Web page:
THE case of a teenaged girl, allegedly gang-raped by police officials earlier this month in Mansehra, was not an isolated incident. There have been others where law-enforcing agencies were accused of having been involved in such crimes.
Independent rights groups have pointed out that the majority of women in police custody are subjected to physical and sexual abuse. Given this situation, the lower echelons of the police force can hardly be expected to look upon domestic violence, rape, incest and ‘honour’ killing as punishable offences. This is not only because of cultural biases or ignorance. Incidents of violence are also disregarded when money is exchanged or there is pressure from influential officials to not register a complaint.
Unfortunately, the question is not merely one of an insensitive force. When police fail to immediately register a rape victim’s complaint, crucial and potentially incriminating evidence is lost. Meanwhile, written complaints often go against the victim who must endure humiliating questioning by policemen who could blame her for instigating a rape attack.
Victims of violent crime — gang-raped and brutally beaten, others stripped and physically abused, young teenagers sexually abused by fathers, uncles and brothers — often remain silent, recognising perhaps the obstacles in their fight for justice. The social taboo attached to such crime further deters them from reporting it. The justice system fails female victims, often re-victimising them in court by incriminating them as ‘loose’ women.
Given this scenario — the social disgrace faced by raped women, a police force that does not care — laws to protect women are only useful if implemented with legislative awareness and mindset change. Legal experts claim the majority of cases go unreported or are covered up despite all legislative changes and the pro-women lobbyists in parliament. Beyond that, only five per cent of rape cases end in convictions.
In the Mansehra case, demands for a judicial commission headed by a high court judge have had no results even though the district police officer has openly admitted that members of his force are culpable. A key witness, a female police officer, is missing after the police initially brought the young victim to her home for a night in the absence of a women’s cell.
The media is also partially to blame in this as it highlights aspects that contribute to sensationalising the crime. Irrelevant reporting about the victim’s past, comments on her character, profession or clothing, is unethical and compromise the victim’s safety. In the Mansehra case, for instance, the reason the victim was on her own was unclear. Some sections of the press described her as a ‘runaway’, given that at a media briefing she said that she had left Karachi with her fiancé but he disappeared. While describing her as such is bad enough, the fact that she was made to recount her ordeal at a public press conference is worse. Not only did the authorities fail to protect her identity as a minor, she was indirectly made out to be responsible for her suffering.
Most victims of such crime are denied justice through the courts, often forced to live in the same locality as the alleged rapist or sent into exile with their families. Perpetrators with political backing are freed in most instances, even threatening the victim and her family. When two women were raped in December 2010 in Karachi’s Defence area, the incident was so callously portrayed by police, government officials and sections of the media that rights activists were up in arms.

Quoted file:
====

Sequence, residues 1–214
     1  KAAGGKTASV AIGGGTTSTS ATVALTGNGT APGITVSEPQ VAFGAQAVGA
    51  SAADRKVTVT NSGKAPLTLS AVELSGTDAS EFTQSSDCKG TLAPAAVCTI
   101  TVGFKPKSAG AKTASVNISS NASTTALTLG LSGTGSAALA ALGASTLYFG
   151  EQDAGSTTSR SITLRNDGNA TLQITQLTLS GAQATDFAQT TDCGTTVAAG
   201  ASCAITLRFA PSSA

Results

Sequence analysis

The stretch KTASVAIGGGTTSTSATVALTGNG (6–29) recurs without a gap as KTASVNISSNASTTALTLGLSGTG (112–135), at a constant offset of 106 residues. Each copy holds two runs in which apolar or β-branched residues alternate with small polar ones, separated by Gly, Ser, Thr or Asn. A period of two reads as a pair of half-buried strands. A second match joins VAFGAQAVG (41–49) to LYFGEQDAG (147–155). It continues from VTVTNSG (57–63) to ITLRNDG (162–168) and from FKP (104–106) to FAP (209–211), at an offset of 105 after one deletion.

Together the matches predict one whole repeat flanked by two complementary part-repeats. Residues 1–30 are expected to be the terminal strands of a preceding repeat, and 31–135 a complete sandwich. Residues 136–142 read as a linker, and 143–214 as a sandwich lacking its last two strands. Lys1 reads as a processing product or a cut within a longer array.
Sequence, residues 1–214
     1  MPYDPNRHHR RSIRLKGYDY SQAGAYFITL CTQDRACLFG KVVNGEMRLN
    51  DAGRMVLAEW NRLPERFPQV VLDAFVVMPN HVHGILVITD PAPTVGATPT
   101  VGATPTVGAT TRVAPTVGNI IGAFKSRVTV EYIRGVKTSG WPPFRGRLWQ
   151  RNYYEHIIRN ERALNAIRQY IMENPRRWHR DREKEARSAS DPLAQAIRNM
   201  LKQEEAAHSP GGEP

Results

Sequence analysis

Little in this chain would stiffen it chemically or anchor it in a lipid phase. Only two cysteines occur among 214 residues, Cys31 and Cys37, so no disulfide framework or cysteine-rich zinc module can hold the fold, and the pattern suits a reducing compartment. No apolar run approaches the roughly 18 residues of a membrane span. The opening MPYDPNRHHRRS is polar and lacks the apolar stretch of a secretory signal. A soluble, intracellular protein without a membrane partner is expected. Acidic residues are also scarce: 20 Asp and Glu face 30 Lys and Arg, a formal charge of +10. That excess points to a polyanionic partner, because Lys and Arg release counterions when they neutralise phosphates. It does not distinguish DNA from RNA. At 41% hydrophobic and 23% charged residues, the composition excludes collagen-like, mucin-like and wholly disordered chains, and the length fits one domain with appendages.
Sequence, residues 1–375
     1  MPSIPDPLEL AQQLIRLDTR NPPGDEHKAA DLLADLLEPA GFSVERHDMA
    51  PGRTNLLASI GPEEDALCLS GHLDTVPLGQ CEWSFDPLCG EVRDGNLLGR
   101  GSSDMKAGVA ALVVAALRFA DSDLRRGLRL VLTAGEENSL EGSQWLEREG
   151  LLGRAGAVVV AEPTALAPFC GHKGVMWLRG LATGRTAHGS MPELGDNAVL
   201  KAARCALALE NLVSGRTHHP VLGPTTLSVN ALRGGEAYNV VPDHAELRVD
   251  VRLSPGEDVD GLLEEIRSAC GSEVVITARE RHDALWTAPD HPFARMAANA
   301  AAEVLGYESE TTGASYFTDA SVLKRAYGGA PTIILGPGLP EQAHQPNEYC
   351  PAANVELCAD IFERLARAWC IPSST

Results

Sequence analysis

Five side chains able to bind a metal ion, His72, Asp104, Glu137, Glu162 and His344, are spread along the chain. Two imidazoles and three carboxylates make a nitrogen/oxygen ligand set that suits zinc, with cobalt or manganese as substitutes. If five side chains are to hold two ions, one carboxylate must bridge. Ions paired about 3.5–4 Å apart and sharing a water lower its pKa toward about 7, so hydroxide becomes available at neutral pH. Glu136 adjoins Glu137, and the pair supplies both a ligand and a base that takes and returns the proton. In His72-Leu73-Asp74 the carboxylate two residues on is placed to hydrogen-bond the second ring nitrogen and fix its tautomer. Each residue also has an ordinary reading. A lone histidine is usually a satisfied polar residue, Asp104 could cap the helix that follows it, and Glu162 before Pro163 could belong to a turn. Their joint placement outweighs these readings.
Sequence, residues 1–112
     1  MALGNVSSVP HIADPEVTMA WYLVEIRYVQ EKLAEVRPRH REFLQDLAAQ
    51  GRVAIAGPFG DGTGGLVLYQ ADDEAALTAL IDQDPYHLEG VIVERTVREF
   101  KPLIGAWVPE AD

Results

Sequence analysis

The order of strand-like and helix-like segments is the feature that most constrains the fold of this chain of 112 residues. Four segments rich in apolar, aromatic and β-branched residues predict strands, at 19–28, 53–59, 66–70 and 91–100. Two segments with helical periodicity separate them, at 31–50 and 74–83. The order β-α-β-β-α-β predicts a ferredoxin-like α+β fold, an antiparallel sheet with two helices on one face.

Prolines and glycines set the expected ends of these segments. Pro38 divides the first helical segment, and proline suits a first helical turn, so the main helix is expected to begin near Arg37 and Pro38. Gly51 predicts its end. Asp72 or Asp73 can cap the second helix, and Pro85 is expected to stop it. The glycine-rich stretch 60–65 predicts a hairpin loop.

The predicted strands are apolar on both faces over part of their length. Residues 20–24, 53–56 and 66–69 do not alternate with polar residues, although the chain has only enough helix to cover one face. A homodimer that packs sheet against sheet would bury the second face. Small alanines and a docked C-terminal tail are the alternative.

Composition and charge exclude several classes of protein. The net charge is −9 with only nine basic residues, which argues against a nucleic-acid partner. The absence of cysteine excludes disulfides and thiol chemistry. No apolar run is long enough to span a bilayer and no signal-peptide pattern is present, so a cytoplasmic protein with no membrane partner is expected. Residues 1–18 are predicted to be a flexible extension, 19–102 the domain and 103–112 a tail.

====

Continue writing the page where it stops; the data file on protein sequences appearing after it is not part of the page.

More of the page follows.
In 2005 in Sui, Balochistan, a doctor was raped and brutally beaten. When she reported the incident, she was placed under house arrest, the evidence was apparently tampered with and the accused, a captain in the army, was acquitted. Eventually, she was forced into exile with her husband.
In other similar crimes, the law-enforcers are complicit because of their inaction, even though legally the punishment applicable can be life imprisonment or death. Last month, a 63-year-old woman and her sister older by two years were locked up and disrobed by five men in Muzaffargarh. Tied to a motorbike and paraded naked, their ordeal was filmed on cellphones.
Some officials say that the lack of police intervention confirms their complicity, but the police claim that because the family involved was influential in the district, they feared violent reaction.
When crime goes unreported for fear of reprisals, when victims have no confidence in the lower district courts, and where the traditional feudal order runs a parallel policing and justice system, education about legal rights must become a priority. Failing to register a complaint should hold severe repercussions for the police, especially in rural areas where accessibility is problematic for victims. An implementing and monitoring group (equipping women’s police stations with resources and knowledge) working in tandem with the women’s ministry and the National Commission on the Status of Women must sensitise the police to protect women.
Teaching people to respect women’s right as equal citizens, even within culturally acceptable parameters, would require institutionalising gender information in police academies and for law and policy students. Grass-roots education campaigns targeting the semi-literate involving district and religious leaders could lead to altering mindsets. Reforming district courts, because the judiciary is where the buck stops, will result in higher conviction rates.
Re-examining the national judicial policy must be a priority for the next government. Women’s integration is important for the political economy; this may be impossible in its entirety given the position of the religious right, but efforts in this regard could reduce the violence that women suffer.
The writer is a senior assistant editor at the Herald.